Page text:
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Bible Commentaries

Arno Gaebelein's Annotated Bible

1 Samuel 22

 

 

Verses 1-23

CHAPTER 22

1. In the cave of Adullam (1 Samuel 22:1-2)

2. In Moab and Gad’s message (1 Samuel 22:3-5)

3. Saul’s discovery of David’s visit to Nob (1 Samuel 22:6-10)

4. The murder of the priests (1 Samuel 22:11-19)

5. David and Abiathar (1 Samuel 22:20-23)

Next we find him in the cave of Adullam (a witness). Here a strange company gathers around the rejected king. It consisted of 400 men. He became their captain. Some of them were in distress, others in debt, and discontented. Such were attracted to the rejected David. It was a blessed scene foreshadowing Him to whom all can gather who are in distress, who feel their debt, their sinfulness, their sorrow and their need. And a greater One than David is here. Our Lord rejected, but owned by those who acknowledge their need, has power to meet it all in the riches of His grace. They with their captain, the Lord’s anointed were “outside of the camp.” Such a place there is today for all who know Him, who is rejected of men and so much dishonored in that which claims and bears His name. “Let us go forth therefore unto Him without the camp, bearing His reproach” (Hebrews 13:13). And later those who had gathered around David in the cave, and suffered with him, were specially remembered (2 Samuel 23:8-39). “If we suffer we shall reign with Him” (2 Timothy 2:12). Psalm 57 was written by David when he fled to the cave. And when he was in the cave he prayed. This prayer is embodied in Psalm 142. It was answered too when the Lord sent to him the 400 men. What food for meditation and reflection is here!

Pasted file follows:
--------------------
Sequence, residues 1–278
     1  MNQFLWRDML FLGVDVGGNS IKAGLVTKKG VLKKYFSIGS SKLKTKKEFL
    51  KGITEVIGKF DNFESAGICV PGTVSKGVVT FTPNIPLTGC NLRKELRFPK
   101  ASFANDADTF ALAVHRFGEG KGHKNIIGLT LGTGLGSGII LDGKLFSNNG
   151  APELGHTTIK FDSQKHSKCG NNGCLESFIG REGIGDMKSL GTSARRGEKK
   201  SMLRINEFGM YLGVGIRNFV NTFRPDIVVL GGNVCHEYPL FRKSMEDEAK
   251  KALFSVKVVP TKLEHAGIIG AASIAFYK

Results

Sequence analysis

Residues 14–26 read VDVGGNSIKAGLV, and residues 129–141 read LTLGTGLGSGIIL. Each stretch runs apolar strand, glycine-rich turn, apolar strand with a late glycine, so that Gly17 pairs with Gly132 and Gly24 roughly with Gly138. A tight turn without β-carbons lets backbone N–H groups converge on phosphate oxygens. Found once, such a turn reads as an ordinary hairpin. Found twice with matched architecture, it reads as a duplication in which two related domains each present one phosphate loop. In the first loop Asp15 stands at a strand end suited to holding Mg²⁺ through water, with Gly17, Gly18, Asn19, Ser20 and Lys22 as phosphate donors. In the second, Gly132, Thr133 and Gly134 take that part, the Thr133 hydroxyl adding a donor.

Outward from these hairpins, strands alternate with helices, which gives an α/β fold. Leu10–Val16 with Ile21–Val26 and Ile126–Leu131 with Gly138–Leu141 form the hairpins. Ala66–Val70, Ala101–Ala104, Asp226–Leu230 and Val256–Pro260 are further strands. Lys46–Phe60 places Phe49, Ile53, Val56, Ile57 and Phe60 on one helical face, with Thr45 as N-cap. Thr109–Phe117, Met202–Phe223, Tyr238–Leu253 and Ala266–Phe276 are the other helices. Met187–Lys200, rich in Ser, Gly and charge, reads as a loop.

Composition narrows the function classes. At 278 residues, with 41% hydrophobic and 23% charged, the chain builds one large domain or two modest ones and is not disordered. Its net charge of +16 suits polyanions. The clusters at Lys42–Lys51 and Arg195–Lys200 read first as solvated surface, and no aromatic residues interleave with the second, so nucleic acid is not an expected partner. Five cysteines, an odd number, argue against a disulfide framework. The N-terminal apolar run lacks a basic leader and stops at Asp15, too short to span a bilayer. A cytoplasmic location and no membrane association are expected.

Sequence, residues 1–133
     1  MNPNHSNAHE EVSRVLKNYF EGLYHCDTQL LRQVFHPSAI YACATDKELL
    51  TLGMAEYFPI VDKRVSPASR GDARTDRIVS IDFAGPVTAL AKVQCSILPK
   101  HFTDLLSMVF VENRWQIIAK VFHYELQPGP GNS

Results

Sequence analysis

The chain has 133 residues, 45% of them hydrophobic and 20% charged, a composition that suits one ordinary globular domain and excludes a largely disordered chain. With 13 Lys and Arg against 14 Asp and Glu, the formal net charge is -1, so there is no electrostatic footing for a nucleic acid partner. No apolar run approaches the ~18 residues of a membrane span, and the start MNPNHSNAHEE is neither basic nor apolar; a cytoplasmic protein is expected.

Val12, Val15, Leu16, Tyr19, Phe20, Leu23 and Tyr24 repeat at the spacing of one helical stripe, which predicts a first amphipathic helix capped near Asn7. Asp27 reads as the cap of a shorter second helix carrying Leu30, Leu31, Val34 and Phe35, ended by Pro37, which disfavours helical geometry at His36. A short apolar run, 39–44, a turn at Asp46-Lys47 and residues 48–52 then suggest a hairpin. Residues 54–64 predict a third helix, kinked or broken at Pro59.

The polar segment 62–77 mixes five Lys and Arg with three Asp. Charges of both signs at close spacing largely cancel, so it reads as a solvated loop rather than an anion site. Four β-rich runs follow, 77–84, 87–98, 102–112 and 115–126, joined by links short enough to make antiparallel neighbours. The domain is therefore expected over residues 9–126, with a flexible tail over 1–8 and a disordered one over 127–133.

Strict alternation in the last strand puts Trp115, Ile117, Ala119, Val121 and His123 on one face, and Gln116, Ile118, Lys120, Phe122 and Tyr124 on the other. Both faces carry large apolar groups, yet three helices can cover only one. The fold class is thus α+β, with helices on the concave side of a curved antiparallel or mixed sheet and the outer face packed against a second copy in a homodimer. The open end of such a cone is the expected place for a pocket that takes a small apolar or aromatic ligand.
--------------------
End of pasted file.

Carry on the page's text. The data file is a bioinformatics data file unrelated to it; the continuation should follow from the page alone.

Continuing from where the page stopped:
Then he came to Moab. His father and mother were there with him. He thought of making his nest there, yea, more than a nest, a hold; it was not according to the mind of the Lord. His ancestress of blessed memory, Ruth, the Moabitess, had left the land of Moab to dwell in Israel; her great-grandson David leaves the land to dwell in Moab. Again it was unbelief. He tried to escape the troubles which were in store for him. He had to learn patience and endurance. Therefore the Lord sent the prophet Gad with the message to depart. In all his unbelief and failures the Lord did not forsake him, but His watchful, loving eye followed His rejected servant. He cared and provided for him. No harm could reach him. He was not in Saul’s hands but in the hands of the Lord. And this is our happy lot. In a psalm he saith “Thou tellest all my wanderings.”

A frightful scene follows. Doeg the Edomite tells Saul of what happened at Nob. Saul, demonized Saul, orders the slaughter of the priests and while the servants of Saul refused the bloody work, the Edomite executed the command. Abiathar the son of murdered Ahimelech told David. He knew of Doeg’s words to Saul about the shelter Ahimelech had given him. At that time David wrote Psalm 52. Prophetically Doeg, the Edomite, is the type of that cunning man of sin.

Beautiful are David’s words to Abiathar (verse 23). They suggest the blessed assurance of salvation and preservation all receive who in faith turn to the Lord Jesus Christ.

 


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Bibliography Information
Gaebelein, Arno Clemens. "Commentary on 1 Samuel 22:4". "Gaebelein's Annotated Bible". http://odl.studylight.org/commentaries/gab/1-samuel-22.html. 1913-1922.

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